Nucleic Acids Research Pages 3317-3318 1998 Oxford University Press


A rapid, small scale method for characterization of plasmid insertions in the Dictyostelium genome
Acknowledgements
References

Footnote Table PUBMED_LOGO


A rapid, small scale method for characterization of plasmid insertions in the Dictyostelium genome

C. Barth, D. J. Fraser, P. R. Fisher*

School of Microbiology, La Trobe University, Bundoora 3083, Melbourne, Australia

Received January 7, 1998; Revised and Accepted May 13, 1998

ABSTRACT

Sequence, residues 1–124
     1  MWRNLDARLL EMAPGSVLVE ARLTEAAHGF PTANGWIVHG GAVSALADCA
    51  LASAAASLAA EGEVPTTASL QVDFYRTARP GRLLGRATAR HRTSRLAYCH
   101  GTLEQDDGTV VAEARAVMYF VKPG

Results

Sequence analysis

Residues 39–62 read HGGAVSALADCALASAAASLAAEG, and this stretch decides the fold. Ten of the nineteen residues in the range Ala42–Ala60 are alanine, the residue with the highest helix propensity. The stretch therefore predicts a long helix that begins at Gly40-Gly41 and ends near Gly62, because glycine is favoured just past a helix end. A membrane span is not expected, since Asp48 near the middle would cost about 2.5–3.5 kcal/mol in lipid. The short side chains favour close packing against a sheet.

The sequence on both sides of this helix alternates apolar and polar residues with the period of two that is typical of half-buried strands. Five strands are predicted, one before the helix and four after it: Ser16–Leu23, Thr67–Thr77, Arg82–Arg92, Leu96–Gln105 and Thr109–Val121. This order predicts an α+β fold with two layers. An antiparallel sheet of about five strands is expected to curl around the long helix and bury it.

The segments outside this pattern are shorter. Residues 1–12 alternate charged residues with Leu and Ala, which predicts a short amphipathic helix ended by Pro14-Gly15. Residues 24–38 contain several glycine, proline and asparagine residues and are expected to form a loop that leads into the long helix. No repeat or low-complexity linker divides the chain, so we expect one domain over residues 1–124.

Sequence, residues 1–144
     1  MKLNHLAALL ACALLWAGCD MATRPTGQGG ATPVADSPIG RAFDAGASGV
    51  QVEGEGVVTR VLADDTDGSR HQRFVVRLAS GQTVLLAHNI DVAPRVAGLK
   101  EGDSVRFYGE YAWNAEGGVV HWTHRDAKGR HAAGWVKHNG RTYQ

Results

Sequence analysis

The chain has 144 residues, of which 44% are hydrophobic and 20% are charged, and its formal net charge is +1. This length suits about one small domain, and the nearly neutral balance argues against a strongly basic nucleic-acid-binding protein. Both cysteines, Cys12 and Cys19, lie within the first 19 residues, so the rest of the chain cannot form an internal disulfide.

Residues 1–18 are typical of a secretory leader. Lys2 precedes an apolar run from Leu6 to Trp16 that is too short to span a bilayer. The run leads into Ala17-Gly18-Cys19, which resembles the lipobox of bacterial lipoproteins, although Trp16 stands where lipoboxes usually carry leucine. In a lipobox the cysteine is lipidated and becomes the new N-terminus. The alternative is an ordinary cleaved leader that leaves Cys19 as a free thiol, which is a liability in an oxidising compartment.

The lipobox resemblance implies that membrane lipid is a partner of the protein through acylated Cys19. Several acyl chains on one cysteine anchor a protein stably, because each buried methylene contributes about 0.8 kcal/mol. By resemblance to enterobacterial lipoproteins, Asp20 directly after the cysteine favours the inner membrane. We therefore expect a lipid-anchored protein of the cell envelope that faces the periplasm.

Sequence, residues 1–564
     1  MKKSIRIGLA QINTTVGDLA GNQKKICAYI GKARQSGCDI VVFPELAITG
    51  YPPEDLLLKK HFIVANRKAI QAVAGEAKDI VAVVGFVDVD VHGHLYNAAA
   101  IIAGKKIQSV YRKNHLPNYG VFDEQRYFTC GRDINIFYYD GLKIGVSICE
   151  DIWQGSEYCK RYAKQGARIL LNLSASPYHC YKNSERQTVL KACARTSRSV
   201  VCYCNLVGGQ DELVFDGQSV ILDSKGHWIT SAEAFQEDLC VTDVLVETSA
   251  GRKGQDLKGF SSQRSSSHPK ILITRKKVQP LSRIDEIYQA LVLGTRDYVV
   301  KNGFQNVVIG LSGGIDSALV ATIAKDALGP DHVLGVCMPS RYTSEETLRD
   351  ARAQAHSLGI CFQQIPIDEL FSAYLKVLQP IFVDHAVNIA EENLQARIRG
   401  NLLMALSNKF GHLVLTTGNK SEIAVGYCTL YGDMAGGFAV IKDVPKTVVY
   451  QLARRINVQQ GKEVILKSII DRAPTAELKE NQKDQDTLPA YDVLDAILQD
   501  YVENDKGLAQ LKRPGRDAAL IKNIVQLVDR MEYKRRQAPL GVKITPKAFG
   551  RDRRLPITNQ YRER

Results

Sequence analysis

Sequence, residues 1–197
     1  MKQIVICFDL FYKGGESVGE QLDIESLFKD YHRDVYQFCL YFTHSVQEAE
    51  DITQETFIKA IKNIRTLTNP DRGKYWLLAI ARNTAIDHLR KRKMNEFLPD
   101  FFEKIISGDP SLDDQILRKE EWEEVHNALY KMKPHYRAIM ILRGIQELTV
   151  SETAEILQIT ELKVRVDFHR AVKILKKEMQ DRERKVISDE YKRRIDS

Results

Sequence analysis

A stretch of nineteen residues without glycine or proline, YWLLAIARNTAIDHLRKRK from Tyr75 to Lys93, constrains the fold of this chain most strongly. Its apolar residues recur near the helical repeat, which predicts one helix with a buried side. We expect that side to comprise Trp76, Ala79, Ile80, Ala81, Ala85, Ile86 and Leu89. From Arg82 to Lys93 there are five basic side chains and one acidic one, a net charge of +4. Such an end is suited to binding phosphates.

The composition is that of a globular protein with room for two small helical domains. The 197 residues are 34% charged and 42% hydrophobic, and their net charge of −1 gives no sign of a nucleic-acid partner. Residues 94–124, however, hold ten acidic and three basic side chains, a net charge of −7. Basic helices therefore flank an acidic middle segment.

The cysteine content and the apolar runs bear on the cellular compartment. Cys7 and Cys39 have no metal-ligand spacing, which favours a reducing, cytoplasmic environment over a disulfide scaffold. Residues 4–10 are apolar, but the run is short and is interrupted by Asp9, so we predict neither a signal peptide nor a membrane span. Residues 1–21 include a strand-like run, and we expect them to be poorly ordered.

A rapid, simple method for characterization of plasmid insertions in the Dictyostelium discoideum genome was developed. It is based on the capability of linear plasmid multimers in the insertions to recircularize efficiently in Escherichia coli cells. This recombinational recircularization of plasmid multimers provides a highly sensitive and reliable tool for determining whether individual Dictyostelium transformants resulted from restriction enzyme-mediated integration (REMI) or from recombinational integration of plasmid (RIP). The method also reveals any rearrangements in RIP insertions and provides an estimate of the vector copy number in any particular transformant.